The shock from the summer’s not-guilty verdicts had worn off by November, and Marshall sensed that the white people of Columbia were becoming angrier and more resentful of the fact that this Northern Negro was still in town, making a mockery of the Tennessee courts. He’d watched patiently as Bumpus stacked the deck in his own favor by excusing every potential black jury member in the Maury County pool (there were just three) through peremptory challenges that did not require him to show cause for dismissal. And Marshall had paid close attention to the desperation in Bumpus’s closing statement to the jury, when the prosecutor warned them that if they did not convict, “law enforcement would break down and wives of jurymen would die at the hands of Negro assassins.”

None of it surprised Marshall. He was used to, and even welcomed, such tactics from his opponents because they often helped to establish solid grounds for appeals. But Marshall also noticed that the atmosphere around the Columbia courthouse was growing more volatile.

A political cartoonist for the Pittsburgh Courier now doing public relations work for the NAACP had been poking around the courthouse and had come to believe that the telephone wires were tapped and that the defense lawyers were in danger. Learning this, Marshall refused to discuss any case details or sleeping arrangements over the phones, and the PR representative reported back to Walter White, the executive secretary of the NAACP, that “the situation in the Columbia Court House is so grave that anything may happen at any time.”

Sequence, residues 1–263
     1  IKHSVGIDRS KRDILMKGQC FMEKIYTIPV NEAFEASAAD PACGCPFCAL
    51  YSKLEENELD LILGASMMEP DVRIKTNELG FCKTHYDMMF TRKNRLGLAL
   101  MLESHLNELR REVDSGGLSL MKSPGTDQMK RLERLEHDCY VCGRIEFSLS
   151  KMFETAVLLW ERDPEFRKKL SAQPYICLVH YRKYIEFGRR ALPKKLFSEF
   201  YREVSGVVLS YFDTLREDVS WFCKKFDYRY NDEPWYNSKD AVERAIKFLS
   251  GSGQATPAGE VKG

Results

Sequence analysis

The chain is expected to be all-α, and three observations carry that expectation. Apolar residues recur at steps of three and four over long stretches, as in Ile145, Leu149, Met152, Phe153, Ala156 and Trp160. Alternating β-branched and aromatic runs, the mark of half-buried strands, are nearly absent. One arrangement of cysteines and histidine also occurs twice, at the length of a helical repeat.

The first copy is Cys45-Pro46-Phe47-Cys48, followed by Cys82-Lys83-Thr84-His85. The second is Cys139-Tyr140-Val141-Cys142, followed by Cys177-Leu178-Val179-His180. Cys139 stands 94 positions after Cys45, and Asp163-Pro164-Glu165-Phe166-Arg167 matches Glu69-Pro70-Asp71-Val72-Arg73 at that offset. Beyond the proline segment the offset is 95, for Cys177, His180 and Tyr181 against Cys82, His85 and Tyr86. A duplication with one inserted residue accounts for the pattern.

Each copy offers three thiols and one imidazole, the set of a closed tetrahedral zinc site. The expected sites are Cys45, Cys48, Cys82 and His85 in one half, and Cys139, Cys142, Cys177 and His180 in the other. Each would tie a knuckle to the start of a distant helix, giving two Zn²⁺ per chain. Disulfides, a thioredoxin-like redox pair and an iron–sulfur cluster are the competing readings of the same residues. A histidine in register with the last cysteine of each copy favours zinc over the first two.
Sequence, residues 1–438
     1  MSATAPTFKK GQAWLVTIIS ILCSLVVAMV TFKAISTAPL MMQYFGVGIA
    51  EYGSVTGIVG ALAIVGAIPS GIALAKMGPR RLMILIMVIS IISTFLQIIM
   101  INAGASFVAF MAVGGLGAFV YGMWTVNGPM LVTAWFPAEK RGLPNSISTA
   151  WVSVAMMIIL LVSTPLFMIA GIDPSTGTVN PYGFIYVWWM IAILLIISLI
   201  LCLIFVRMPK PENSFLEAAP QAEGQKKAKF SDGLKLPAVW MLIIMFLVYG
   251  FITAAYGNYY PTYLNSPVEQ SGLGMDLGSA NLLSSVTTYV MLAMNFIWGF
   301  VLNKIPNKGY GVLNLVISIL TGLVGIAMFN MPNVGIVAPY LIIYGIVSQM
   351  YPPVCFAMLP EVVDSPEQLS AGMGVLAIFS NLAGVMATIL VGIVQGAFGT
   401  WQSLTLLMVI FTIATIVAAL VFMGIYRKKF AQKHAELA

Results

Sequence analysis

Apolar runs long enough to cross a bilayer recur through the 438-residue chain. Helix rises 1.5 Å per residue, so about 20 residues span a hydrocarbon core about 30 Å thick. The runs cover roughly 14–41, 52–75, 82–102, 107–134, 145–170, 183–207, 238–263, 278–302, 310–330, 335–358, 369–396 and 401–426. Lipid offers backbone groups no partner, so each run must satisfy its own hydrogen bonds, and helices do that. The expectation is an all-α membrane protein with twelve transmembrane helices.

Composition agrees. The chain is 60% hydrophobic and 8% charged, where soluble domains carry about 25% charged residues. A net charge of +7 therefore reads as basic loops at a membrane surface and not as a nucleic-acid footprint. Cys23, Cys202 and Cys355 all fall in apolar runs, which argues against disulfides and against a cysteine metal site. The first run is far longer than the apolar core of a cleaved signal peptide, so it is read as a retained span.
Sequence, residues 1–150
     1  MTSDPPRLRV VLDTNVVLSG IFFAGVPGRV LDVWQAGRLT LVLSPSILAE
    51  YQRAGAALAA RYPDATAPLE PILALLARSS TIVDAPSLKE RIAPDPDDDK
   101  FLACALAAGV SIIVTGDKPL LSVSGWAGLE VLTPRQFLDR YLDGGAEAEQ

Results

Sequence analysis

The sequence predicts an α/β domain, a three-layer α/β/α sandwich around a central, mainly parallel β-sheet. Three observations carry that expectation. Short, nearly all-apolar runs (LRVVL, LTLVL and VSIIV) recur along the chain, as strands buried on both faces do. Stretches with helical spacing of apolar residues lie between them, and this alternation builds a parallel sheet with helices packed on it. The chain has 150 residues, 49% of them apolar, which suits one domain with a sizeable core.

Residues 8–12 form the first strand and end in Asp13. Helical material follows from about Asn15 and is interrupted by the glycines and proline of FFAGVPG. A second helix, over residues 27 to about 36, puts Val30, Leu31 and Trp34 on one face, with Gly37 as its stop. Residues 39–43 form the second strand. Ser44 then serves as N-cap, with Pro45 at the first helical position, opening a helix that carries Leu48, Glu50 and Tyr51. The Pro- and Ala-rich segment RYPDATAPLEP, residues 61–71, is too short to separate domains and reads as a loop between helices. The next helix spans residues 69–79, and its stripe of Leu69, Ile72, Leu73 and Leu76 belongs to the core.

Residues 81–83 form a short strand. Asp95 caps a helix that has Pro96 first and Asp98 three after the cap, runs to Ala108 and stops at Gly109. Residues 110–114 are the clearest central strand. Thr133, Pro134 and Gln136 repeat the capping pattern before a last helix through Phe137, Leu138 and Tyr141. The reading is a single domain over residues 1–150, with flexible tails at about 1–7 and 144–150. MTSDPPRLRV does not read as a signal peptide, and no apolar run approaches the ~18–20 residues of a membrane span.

White issued a memorandum to NAACP attorneys, demanding “no telephone calls be put through to Columbia or even to Nashville [where Marshall was staying] unless and until Thurgood says that it is safe to do so.” White noted that “we are dealing with a very desperate crowd” and want nothing to “jeopardize the lives of anyone, particularly persons as close and as important to us as Thurgood and his three associates.” White even contacted the U.S. attorney general’s office and warned that if anything happened to Marshall while he was in Tennessee, it would “create a nation-wide situation of no mean proportions.”

Gilbert King, Devil in the Grove: Thurgood Marshall, the Groveland Boys, and the Dawn of a New America (New York: Harper-Collins, 2012; Kindle reprint 2013), 7-9.

A (unwelcome?) blast from the past

Here is another uncomfortable and disturbing excerpt about race relations in the post-war years from James Patterson’s wonderful book Grand Expectations: The United States 1945 – 1974, part of the famed Oxford History of the United States series:

By 1944 the protests of blacks—for Randolph and other leaders military desegregation was a top priority—had a modest effect on the armed services. The navy slowly moved toward integrated units. The army, at a loss for manpower during the Battle of the Bulge in December 1944, pressed blacks into combat, with positive results. But segregation persisted in the army, and racial tensions became intense.

“My God! My God!” army chief of staff General George Marshall exclaimed, “I don’t know what to do about this race question in the Army.” He added, “I tell you frankly, it is the worst thing we have to deal with. . . . We are getting a situation on our hands that may explode right in our faces.”